While there is some controversy over the exact origins, many people believe that use of the ratio dates all the way back to the Great Pyramids in Egypt. It can also be found in many of the world’s other most famous buildings including: the Parthenon, the Notre-Dame of Laon cathedral, and he Taj Mahal.

Every time you view a building with evenly spaced columns, that’s a nod to the ratio and it’s tenure with the ancient greeks. Every time you look at a home with a peaked and sloped roof that allows for winter snows to easily fall off, that’s also thanks to the ratios calculations. Next time you take a walk around your neighborhood, see how many examples of phi you can see. We think you’ll be surprised how many there are.

exterior columns How Architects Take Advantage of The Golden Ratio

Home buying at any age!

Many soon-to-be retirees own a home, have paid off their mortgage and haven’t been in the real estate market for 25 years or more. A lot has changed, however, and the tips and tricks of the trade that worked in the ’80s could backfire if applied today. Though technology and the flow of information have dramatically altered the process of buying and selling homes, at the heart it’s still an enormous undertaking, no matter your age or generation. Here are some tips for baby boomers and others who find themselves entering the real estate market for the first time in a while.

You can and should begin the process independently

A fact is a fact. Buyers and sellers can start the education process on their own today, in the comfort of their living room recliner. Many of today’s buyers and sellers leverage the Internet and mobile apps to begin the research phase. While you may still prefer a good old fashioned live person, it’s helpful to understand that it’s common for initial search and discovery to begin independently. Aside from listings and photos of nearby homes for sale, you can uncover real estate advice, statistics and forecasts that will help inform your home search or sale. Finding an agent can also happen using the Internet today.

A good local real estate agent still adds a lot of value

It’s easy to think that spending a few hours poring through data is all that’s needed to get in the game today, but a good local agent can still make a huge difference on a real estate purchase or sale. The data and information found online is meaningless without some context behind it. For example, you may see a home that recently sold for a lot less than one you are interested in making an offer on. A strong local agent would know that there was an issue with open permits or violations, that it wasn’t a true arm’s length transaction or some other factor that made it less valuable and, in fact, not a comparable sale. A good agent will have the inside track on off-market listings or knowledge about the final sale price of a home that is pending. Good agents earn their keep not by having access to the listings, but by having years of experience and local market knowledge under their belt.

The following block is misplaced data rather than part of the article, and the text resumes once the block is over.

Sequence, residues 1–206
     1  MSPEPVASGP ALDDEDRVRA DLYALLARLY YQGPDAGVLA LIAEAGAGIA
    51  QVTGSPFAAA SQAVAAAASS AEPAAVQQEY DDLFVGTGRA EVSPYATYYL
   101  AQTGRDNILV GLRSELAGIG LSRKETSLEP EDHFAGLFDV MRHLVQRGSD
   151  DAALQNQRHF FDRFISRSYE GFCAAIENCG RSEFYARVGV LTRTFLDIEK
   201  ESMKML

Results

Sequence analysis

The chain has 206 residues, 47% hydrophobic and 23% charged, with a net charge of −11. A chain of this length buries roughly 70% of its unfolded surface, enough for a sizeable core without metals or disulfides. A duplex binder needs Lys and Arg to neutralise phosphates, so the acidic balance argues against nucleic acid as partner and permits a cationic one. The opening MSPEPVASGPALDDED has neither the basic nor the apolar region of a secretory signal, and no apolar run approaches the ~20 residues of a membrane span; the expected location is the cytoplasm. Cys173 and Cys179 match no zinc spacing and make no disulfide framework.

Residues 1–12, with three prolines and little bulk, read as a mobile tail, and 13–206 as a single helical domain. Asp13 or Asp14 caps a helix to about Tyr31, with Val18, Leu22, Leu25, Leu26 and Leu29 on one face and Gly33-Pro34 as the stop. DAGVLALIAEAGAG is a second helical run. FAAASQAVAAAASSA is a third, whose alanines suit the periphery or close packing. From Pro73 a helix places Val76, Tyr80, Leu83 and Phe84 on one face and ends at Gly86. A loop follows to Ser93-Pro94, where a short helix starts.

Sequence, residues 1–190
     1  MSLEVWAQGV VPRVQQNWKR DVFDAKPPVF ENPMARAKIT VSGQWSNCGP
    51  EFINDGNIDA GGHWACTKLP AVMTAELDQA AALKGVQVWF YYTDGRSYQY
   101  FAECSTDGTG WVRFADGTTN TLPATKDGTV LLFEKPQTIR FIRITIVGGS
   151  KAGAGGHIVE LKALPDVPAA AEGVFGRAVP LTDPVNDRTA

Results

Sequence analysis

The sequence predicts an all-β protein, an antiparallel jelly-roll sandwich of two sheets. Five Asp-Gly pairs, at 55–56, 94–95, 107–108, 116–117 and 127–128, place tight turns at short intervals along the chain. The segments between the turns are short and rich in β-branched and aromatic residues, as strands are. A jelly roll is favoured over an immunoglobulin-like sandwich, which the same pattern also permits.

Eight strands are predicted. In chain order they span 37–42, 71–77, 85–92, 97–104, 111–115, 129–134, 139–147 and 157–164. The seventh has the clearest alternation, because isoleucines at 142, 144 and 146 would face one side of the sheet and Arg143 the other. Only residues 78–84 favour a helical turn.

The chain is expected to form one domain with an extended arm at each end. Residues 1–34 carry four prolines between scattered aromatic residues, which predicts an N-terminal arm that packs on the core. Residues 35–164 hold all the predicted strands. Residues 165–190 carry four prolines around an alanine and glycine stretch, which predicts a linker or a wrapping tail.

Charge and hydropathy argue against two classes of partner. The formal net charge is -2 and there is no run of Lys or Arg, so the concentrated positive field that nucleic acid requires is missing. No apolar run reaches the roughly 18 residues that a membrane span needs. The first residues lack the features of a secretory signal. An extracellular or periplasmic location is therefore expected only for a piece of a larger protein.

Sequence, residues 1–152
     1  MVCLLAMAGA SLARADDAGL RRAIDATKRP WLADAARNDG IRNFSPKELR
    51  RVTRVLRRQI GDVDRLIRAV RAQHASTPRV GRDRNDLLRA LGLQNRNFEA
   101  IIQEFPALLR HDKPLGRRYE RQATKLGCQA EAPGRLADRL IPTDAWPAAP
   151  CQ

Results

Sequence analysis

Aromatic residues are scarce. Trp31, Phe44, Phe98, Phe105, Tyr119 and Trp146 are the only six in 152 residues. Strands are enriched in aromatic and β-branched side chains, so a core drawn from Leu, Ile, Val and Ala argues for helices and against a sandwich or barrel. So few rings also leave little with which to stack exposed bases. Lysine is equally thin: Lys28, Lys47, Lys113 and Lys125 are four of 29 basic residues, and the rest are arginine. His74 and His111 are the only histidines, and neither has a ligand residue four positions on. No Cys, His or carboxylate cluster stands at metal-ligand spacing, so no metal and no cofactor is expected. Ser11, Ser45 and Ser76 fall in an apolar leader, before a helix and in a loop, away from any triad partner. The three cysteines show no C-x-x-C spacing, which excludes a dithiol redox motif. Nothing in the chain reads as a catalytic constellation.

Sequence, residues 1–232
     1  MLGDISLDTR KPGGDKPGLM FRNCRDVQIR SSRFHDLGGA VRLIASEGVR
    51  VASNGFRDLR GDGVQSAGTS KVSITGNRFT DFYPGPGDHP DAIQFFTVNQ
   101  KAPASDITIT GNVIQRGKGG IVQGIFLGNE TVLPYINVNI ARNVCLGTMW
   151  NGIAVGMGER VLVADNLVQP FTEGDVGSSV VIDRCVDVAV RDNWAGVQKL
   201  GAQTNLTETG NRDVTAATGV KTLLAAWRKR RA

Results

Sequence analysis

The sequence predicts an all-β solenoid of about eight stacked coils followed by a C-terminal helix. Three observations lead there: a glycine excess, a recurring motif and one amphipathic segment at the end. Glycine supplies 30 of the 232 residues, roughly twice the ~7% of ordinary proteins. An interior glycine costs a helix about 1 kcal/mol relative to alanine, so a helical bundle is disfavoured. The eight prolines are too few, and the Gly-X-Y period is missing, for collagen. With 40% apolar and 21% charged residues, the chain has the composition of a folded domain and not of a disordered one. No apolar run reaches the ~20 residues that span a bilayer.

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The low down on down payments…

With the holiday season of giving just around the corner, it’s a good time to revisit down payment gifts for home buyers. Getting money for a down payment on a home purchase could be the best gift ever, but there are lender and IRS rules for gifts that you must know to make sure everything goes smoothly. Here’s a rundown.

Gifts must be from family members

As an overarching rule, mortgage lenders require gifts for down payments to be from family members. Lenders might make case-by-case exceptions, and if so, will require that the relationship of the non-relative and the other factors of the loan profile be strongly compelling. For example, if you were receiving down payment gift funds from your godparents and could document that they’ve been close to you and your family all your life, that might be a case certain lenders would accept.